salesperson represents.
Making an Informed Choice
Your brokerage representative has the responsibility of explaining the options you have when choosing to work
with a real estate brokerage. It is in your best interests to understand what duties you are owed and what
limitations there are or might be when you choose a certain relationship. Ask questions and be sure you are
satisfied with the answers before you enter into a relationship with a particular brokerage. That’s the surest path
to success!
In order to enter into a brokerage service agreement, agreement of purchase and sale, or other contractual
arrangement, you must have the lawful capacity to enter into such contracts, (i.e, you must be the buyer or seller, or
have a lawful power of attorney for the seller or buyer, or be the lawfully appointed executor of the deceased owner’s
estate, etc.). If you do not have such authority, you may incur personal liability for misrepresenting your authority.
Licensed real estate salespeople in Manitoba are obligated by provincial legislation to communicate all offers, counteroffers, withdrawals, and acceptances in writing. Having all such offers, acceptances, etc. in writing also helps to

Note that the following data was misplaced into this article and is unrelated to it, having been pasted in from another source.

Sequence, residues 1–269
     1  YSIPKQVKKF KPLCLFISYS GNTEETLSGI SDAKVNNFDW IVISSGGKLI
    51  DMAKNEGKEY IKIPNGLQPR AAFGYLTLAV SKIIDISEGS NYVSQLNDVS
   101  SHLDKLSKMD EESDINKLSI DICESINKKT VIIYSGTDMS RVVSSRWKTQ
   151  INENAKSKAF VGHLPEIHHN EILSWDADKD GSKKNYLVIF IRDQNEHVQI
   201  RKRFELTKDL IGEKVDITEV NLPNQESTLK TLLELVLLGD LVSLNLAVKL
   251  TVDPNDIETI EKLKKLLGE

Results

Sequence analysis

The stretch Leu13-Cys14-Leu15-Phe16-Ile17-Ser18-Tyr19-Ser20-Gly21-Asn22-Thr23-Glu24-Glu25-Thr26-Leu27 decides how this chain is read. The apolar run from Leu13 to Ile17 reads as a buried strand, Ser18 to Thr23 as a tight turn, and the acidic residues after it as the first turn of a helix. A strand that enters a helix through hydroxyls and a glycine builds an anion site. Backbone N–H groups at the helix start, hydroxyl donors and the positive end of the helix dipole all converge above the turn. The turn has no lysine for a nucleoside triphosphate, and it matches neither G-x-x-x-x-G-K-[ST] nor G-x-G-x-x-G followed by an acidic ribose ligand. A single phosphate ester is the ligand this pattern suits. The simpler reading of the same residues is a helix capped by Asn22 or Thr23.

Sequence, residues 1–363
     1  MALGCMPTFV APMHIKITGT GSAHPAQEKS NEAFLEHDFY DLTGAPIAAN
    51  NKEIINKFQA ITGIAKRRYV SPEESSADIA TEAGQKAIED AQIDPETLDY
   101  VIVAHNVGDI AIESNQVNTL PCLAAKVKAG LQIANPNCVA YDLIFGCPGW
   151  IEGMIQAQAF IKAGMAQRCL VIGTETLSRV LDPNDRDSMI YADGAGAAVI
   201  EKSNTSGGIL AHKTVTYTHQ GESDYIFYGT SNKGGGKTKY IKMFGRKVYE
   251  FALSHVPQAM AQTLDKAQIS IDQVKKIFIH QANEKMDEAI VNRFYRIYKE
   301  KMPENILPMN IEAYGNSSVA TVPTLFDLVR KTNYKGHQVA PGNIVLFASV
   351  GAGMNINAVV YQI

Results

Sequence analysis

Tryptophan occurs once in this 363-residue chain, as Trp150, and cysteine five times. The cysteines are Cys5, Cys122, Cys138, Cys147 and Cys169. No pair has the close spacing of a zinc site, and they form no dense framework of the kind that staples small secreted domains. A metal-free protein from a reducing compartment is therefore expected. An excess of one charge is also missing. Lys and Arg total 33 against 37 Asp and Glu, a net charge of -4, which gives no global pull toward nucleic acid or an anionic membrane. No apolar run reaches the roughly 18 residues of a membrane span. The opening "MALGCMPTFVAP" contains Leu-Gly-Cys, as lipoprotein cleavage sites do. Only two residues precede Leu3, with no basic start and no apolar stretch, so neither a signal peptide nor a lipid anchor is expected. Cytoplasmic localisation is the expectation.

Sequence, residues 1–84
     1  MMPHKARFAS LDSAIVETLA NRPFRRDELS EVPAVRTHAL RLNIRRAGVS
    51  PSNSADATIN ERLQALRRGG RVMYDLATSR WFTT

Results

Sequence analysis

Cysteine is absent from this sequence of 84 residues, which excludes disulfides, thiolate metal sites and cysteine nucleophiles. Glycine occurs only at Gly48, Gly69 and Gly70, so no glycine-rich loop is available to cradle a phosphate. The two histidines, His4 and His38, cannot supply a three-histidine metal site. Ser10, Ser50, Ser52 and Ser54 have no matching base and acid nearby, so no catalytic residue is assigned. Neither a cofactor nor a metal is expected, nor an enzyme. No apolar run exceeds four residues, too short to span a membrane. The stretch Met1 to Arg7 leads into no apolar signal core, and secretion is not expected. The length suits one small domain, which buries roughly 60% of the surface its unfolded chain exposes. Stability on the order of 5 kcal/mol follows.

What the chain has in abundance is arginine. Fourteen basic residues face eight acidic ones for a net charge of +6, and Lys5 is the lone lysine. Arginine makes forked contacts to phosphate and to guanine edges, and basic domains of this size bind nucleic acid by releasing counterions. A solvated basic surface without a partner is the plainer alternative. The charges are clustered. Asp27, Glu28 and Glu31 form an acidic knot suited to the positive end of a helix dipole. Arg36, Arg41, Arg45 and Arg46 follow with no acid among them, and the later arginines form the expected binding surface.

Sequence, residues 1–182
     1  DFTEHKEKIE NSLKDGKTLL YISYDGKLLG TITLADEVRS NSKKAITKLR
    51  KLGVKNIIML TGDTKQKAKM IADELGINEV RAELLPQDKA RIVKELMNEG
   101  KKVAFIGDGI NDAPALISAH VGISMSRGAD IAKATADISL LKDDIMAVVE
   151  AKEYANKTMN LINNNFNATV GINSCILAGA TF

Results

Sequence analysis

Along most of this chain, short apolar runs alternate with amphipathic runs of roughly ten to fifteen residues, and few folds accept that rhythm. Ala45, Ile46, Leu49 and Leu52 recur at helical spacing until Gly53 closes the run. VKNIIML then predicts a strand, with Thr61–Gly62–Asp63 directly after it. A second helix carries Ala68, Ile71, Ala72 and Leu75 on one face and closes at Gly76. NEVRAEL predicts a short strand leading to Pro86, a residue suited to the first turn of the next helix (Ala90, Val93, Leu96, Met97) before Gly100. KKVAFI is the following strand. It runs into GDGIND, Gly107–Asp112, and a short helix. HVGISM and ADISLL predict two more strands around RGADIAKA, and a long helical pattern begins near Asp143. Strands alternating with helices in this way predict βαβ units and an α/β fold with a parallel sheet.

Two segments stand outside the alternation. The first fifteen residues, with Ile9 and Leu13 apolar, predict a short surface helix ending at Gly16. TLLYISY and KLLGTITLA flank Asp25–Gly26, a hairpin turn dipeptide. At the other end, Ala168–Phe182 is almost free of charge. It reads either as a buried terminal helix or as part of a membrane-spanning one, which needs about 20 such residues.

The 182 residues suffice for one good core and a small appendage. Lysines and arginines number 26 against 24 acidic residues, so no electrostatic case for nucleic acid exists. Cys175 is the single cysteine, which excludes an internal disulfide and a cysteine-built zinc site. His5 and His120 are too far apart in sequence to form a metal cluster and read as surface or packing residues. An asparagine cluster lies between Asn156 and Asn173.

minimize the risk of misunderstandings and disappointments at a later date.
In Manitoba, the government prescribes forms of offers to be used by real estate registrants in the purchase and sale of
single family residential houses and condominiums.
The offer to purchase (agreement of purchase and sale) is the standard form document used to set out the terms and
conditions of a transaction – the contract between a buyer and seller.
As a potential buyer or seller, whether you are a client or customer, you should ask for a copy of this document early in